However, Schmidt and Raghu warn, when formulating a problem, it is important to consider whether deep learning provides the right set of tools to solve it. “In many settings, deep learning may not be the best technique to start with or best suited to the problem,” they write.

For many problems, simpler machine learning algorithms often provide more efficient solutions. For instance, if you want to find the most relevant of a set of chemical characteristics of different substances, you might be better off using “dimensionality reduction,” a technique that can find the features that contribute most to outcomes.

On the other hand, if you have limited data or if your data has been neatly arranged in a tabular format, you might want to consider trying a regression model before using neural networks. Neural networks usually (but not always) need lots of data. They are also difficult to interpret. In contrast, linear and logistic regression algorithms can provide more accurate results when the data is scarce, especially if the problem is linear in nature. Regression models also provide a clear mathematical equation with coefficients that explain the relevance of each feature in the dataset. Deep learning for image-related scientific tasks

Scientists are using deep learning algorithms to detect signs of COVID-19 infection in chest x-rays of patients (source: COVID-Net ) One area where deep learning algorithms have been very effective is the processing of visual data. The authors describe convolutional neural networks as “the most well-known family of neural networks” and “very useful in working with any kind of image data.”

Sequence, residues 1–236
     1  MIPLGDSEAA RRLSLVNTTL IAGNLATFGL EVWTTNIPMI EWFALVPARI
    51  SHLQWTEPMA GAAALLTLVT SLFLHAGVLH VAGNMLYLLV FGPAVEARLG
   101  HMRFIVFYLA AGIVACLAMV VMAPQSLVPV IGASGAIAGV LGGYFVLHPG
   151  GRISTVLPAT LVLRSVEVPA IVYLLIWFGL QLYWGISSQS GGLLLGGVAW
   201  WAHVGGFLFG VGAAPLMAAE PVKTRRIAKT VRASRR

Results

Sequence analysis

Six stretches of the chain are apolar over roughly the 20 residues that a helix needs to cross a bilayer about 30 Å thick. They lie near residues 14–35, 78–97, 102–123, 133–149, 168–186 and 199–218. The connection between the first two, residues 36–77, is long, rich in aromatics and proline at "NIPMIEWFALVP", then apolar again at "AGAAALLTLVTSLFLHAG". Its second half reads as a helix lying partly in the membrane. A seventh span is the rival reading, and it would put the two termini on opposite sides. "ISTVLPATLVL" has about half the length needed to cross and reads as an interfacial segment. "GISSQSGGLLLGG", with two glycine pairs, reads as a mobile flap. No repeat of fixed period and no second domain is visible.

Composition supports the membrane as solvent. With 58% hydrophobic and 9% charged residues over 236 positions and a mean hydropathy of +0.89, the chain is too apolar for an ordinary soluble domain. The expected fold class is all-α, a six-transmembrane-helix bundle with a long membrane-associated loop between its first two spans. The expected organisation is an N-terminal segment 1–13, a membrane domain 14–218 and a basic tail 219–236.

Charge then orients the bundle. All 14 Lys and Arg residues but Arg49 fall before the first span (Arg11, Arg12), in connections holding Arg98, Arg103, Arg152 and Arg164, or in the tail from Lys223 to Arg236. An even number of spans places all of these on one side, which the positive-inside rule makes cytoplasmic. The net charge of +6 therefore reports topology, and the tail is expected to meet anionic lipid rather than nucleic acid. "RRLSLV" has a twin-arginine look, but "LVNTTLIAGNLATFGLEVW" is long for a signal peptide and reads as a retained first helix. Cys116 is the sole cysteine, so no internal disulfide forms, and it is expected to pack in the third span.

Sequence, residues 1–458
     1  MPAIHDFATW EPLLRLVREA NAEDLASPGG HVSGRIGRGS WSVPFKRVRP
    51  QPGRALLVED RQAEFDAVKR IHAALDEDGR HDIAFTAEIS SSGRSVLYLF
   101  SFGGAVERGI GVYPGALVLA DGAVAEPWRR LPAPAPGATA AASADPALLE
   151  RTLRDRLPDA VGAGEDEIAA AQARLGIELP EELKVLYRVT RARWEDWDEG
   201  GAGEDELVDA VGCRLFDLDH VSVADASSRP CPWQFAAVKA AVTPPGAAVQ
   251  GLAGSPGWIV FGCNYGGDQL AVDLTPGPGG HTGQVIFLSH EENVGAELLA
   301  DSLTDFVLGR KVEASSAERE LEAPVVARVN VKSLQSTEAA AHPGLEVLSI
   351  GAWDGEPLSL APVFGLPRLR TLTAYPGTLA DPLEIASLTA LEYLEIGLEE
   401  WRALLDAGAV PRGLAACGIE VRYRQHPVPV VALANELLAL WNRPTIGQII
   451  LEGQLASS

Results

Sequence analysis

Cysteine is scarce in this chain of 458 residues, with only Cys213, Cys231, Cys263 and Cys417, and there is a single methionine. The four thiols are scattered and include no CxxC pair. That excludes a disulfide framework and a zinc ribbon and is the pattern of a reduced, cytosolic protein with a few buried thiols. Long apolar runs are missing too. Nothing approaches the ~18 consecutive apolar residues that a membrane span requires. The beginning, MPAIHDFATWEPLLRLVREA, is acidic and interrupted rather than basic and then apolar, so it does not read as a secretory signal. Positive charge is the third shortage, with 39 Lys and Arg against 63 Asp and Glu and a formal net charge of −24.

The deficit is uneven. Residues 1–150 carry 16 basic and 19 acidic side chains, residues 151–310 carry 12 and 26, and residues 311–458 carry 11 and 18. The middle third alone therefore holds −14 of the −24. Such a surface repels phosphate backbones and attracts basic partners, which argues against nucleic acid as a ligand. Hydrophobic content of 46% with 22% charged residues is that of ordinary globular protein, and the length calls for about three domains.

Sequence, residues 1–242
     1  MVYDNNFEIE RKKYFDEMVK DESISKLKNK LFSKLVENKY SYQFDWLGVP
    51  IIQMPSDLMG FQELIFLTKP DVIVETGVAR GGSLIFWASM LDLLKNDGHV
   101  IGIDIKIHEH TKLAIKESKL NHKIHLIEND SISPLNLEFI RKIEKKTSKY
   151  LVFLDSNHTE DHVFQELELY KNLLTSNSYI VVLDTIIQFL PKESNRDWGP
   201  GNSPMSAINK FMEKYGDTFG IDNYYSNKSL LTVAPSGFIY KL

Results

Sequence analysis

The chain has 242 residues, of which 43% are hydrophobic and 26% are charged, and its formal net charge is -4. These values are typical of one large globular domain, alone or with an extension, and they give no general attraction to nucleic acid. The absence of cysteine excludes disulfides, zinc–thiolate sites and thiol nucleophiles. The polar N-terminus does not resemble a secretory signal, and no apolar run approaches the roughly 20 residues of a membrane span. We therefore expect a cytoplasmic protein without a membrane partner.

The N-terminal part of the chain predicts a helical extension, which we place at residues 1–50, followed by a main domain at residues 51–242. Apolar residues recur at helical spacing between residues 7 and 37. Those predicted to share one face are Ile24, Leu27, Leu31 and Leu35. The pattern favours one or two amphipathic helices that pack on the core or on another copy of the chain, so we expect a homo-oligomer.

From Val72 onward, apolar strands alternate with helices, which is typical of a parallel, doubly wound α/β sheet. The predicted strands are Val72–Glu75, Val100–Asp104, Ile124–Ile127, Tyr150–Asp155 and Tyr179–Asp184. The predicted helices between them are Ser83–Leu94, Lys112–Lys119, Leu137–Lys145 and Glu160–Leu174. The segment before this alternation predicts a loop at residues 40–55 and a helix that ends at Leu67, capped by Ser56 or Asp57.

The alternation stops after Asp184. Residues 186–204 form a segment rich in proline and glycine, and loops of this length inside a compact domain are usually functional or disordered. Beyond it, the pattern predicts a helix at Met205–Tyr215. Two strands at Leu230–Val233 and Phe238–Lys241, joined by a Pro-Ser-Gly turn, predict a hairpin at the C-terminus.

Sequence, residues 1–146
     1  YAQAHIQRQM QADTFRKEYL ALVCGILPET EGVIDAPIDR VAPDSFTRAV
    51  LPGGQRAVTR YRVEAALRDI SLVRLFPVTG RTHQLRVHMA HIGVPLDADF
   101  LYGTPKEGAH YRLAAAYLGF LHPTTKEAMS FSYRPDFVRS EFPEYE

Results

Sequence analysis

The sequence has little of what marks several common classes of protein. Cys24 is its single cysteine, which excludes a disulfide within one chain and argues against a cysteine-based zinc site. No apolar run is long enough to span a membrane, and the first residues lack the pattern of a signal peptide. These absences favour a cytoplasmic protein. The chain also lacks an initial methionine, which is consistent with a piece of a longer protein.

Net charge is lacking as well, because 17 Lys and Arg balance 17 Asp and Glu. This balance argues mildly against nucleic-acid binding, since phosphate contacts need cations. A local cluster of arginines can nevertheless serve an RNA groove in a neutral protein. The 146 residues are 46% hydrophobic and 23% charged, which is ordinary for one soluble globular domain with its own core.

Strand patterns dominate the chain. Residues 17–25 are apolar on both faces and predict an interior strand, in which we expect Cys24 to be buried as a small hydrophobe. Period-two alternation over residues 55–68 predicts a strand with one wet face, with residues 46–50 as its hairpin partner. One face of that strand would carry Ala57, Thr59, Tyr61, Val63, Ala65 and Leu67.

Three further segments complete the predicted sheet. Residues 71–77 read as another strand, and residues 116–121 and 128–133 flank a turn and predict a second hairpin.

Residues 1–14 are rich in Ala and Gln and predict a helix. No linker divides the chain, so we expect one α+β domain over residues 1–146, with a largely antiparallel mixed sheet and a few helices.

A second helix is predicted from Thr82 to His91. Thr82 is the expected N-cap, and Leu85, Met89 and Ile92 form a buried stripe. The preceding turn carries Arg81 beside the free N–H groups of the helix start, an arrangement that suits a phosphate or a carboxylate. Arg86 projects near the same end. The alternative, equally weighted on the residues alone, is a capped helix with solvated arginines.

Aside from the commercial and industrial applications , CNNs have found their way into many scientific domains. One of the best-known applications of convolutional neural networks is medical imaging analysis. There are already many deep learning algorithms that examine CT scans and x-rays and help in the diagnosis of diseases such as cancer. Recently, scientists have been using CNNs to find symptoms of the novel coronavirus in chest x-rays.

Some of the visual applications of deep learning are less known. For instance, neuroscientist are experimenting with pose-detection neural networks to track the movements of animals and analyze their behavior. NLP technology can expand to other fields